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Merrit Kennedy

Merrit Kennedy is a reporter for The Two-Way, NPR's breaking news blog. She covers a broad range of issues, from the latest developments out of the Middle East to science research news.

Merrit joined NPR in Washington, D.C., in December 2015, after seven years living and working in Egypt. She started her journalism career at the beginning of the Egyptian uprising in 2011 and chronicled the ouster of two presidents, eight rounds of elections and numerous major outbreaks of violence for NPR and other news outlets. She has also worked as a reporter and television producer in Cairo for The Associated Press, covering Egypt, Yemen, Libya and Sudan.

She grew up in Los Angeles, the Middle East and places in between, and holds a bachelor's degree in international relations from Stanford University and a master's degree in international human rights law from The American University in Cairo.

Longtime Ugandan President Yoweri Museveni had won another 5-year term with more than 60 percent of the votes, Uganda's electoral commission says, following an election that observers say fell short of democratic.

Museveni, a former guerilla leader, came to power 30 years ago when he toppled brutal dictator Idi Amin. This is the fourth election where Musevani has faced multiple candidates.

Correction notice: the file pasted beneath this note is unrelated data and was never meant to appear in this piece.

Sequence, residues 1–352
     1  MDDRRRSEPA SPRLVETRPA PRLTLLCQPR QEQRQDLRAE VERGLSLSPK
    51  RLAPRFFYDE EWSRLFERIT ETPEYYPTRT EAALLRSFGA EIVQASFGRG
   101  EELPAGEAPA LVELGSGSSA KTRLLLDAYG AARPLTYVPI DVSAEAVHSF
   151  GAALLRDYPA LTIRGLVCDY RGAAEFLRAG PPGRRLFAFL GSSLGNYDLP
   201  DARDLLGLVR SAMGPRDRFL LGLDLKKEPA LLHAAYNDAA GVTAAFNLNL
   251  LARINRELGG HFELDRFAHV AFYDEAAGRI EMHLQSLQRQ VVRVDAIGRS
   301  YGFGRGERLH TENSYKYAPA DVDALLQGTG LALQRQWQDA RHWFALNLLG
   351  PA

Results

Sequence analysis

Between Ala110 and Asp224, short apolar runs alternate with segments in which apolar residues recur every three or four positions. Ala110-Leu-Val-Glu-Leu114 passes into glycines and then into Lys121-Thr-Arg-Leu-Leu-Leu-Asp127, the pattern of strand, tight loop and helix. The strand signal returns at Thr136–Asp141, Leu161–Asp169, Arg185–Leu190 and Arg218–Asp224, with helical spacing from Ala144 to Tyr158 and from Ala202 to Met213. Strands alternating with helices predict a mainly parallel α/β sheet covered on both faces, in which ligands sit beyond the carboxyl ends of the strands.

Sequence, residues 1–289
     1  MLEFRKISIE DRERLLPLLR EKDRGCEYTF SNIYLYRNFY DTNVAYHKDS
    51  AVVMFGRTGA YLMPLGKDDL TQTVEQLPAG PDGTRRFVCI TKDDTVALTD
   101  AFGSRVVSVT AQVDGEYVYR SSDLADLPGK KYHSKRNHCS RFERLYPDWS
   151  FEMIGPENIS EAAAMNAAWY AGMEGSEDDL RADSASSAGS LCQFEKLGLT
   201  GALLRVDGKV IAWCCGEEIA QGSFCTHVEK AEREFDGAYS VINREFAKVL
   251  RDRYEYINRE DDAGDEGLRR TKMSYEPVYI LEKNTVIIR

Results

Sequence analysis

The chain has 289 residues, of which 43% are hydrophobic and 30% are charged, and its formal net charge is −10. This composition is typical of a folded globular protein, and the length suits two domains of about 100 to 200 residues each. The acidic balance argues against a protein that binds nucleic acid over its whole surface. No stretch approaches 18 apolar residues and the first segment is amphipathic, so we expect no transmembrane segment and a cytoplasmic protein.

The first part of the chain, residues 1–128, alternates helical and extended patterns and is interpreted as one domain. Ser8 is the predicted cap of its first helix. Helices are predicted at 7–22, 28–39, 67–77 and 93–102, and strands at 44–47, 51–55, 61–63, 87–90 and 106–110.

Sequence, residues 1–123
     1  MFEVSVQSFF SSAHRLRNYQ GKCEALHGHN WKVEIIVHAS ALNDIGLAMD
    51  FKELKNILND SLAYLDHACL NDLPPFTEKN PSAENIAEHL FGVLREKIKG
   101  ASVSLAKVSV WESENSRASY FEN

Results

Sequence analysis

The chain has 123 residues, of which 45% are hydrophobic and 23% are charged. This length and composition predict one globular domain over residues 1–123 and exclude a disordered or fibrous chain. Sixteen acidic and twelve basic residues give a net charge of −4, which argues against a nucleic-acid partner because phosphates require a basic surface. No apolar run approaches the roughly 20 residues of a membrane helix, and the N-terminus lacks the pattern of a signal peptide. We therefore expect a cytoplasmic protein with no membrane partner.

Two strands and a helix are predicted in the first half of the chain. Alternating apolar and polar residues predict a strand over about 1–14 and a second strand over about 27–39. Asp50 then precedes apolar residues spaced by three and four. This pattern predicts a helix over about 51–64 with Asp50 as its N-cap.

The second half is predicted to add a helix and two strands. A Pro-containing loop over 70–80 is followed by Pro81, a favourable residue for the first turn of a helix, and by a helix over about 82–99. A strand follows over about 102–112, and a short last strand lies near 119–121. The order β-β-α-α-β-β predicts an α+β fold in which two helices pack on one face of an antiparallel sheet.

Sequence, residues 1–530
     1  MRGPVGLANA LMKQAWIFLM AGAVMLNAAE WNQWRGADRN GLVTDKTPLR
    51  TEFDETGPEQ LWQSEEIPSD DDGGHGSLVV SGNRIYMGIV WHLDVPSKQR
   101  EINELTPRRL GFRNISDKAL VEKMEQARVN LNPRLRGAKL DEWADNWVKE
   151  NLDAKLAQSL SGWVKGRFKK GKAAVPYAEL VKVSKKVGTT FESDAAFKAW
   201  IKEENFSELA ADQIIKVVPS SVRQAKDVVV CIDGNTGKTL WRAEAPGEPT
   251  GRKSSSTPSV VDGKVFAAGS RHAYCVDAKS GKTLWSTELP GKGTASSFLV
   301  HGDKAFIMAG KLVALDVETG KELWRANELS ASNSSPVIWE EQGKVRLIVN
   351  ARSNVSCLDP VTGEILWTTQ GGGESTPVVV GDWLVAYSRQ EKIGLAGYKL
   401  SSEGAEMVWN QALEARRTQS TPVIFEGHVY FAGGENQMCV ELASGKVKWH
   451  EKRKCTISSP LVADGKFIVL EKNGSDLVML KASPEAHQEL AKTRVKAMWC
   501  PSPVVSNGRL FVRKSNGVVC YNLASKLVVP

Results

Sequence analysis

Britain's Prime Minister David Cameron is calling for a historic nationwide referendum on June 23 to decide whether the U.K. will remain in the European Union.

This comes a day after Cameron and EU leaders announced in Brussels that they have negotiated a new deal that changes the terms of Britain's membership.

After negotiating these new concessions, Cameron strongly advocated that the U.K. stick with Europe. He spoke in front of 10 Downing Street after presenting the EU reform deal to his Cabinet.

Internationally acclaimed Italian author and philosopher Umberto Eco has died at age 84. His death was confirmed by his American publisher Houghton Mifflin Harcourt.

Born in a small Italian town in 1932, Eco is perhaps best known for his 1980 mystery novel The Name of the Rose, which is set in a monastery in the 14th century. It was an unexpected international bestseller, launching his career as an author.

Albert Woodfox, who has been held in solitary confinement for more than 40 years, walked out of a Louisiana prison early this afternoon.

This comes after he pleaded no contest on Friday to manslaughter charges in the death of prison guard Brent Miller in 1972.

Woodfox was the last behind bars of three prisoners known as the Angola Three because of their long confinement in Louisiana's Angola prison.

A Texas judge has ordered that the case of 18-year-old Ethan Couch, who notoriously presented an "affluenza" defense in his drunken driving trial in 2013, be moved to an adult court.

Couch, who killed four people and seriously wounded two others while driving drunk when he was 16, will receive new probation terms. He could face up to 180 days in jail.

Here are more details from The Dallas Morning News:

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